Vinegar Hill took some time to talk with David Straughn about ‘Pipeline’ a stageplay that he directed at Live Arts Theather in Charlottesville.
Directed by David Straughn and written by Dominique Morisseau, Pipeline is an immersive live theatre experience. The piece centers around the story of a mother and son as they wrestle with the struggles associated with being Black and navigating the American educational system. Emphasizing the impact of the ”school-to-prison pipeline”, it intimately details the real-life struggles and frustrations.
This piece was extremely personal for David who says that he sees himself in this play in a lot of ways. The frustration that develops because of the unrealistic expectations of young Black men in American society can be daunting but David says that this anger is very nuanced.
“I just really gravitated to and resonated with the subject matter in the piece,” he says. “I am passionate about these things. I’m not angry. I am angry that I can’t do more. But my rage is not in a place of malice or violence. It is in a place of confusion and frustration”. This is frustration that he has sought to enliven in this new production, hoping that it will serve as a means to connect with audiences and effectively shed light on the matter.
A well-known performer, writer, and director who has worked in theater, music, and the literary arts, David Straughn has made the artistic expression on stage his life’s work. But what made him choose the performing arts was when he witnessed his older sister on stage.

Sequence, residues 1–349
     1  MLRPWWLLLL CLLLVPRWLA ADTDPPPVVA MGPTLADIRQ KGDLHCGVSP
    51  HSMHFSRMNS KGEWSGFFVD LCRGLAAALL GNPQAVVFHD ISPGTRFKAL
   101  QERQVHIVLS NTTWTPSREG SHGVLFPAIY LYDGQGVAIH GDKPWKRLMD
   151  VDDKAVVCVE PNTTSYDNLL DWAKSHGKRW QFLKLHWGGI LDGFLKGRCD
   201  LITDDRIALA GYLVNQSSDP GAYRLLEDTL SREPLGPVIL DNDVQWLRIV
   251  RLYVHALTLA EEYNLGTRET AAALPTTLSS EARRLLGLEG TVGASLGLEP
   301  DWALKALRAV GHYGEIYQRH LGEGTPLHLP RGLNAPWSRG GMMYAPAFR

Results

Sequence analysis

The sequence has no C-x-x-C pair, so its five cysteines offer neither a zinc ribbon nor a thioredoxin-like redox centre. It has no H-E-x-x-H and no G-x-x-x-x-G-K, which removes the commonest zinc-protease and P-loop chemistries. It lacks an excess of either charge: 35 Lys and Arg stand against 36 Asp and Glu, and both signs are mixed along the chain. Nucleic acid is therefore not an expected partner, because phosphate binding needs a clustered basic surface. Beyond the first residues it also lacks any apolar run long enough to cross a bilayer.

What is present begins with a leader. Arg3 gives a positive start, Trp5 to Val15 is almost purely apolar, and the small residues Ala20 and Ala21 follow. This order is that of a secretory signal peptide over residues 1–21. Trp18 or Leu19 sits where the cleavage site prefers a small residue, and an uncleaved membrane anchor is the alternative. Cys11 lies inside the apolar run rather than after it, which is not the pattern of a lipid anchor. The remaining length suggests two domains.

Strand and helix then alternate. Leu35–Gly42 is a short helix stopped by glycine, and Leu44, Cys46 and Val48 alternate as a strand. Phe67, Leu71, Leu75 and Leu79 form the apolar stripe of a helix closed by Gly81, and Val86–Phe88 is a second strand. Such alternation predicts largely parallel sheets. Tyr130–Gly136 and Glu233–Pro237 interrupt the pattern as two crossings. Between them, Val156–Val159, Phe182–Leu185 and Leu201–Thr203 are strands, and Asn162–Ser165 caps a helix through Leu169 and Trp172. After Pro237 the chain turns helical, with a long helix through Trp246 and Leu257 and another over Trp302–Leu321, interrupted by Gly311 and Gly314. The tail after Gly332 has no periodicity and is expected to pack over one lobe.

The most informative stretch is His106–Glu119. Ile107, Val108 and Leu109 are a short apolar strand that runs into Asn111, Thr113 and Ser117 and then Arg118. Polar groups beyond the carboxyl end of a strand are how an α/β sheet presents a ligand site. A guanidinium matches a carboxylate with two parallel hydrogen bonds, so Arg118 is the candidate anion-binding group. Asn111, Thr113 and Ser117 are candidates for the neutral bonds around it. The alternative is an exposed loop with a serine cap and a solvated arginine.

David recounts watching his sister deliver a poem by Zora Neale Hurston, saying, “I remember she did it at school in our auditorium, and everybody was on the edge of their seat… and that made me realize the power of theater and getting a message across, making people listen to you”. Through this experience, David realized the power of theater and the power it had to transform the hearts and minds of people.
It’s as if David has been doing this for a lifetime already. His first encounter was a performance he did at Thomas Jefferson Elementary School in Louisa as a young man. This proved to be transformative for him. Detailing his first-ever experience with showmanship, David says it was then that he had his first true encounter with theater, and that sparked his interest in what it had to offer. He recalls walking on stage for the first time and thinking “Oh, this feels good. Feels real good.” For David, the prospect of having everyone looking at and focusing on his every move was less than daunting and more empowering.
A Few Shows Left
As for ‘Pipeline‘, the production will run until January 30th at Live Arts in Charlottesville and includes a talent-driven cast through the likes of Aiyana Marcus (Nya), Asyra Cunningham (Omari), Jamie Virostko (Laurie), Tanaka Maria (Jasmine) and Sarad Davenport (Xavier), among other talented performers and volunteers.
A common thread of hope runs throughout David’s work, and he hopes this piece will connect audiences to each other in a way never thought possible, providing not only hope but also inspiration.
David expressed a great sense of responsibility as a director and performer with holding the legacy of those who came before him.
Find out more about Pipeline here: http://livearts.org/pipeline/
(There are a few limited live-streaming options available.)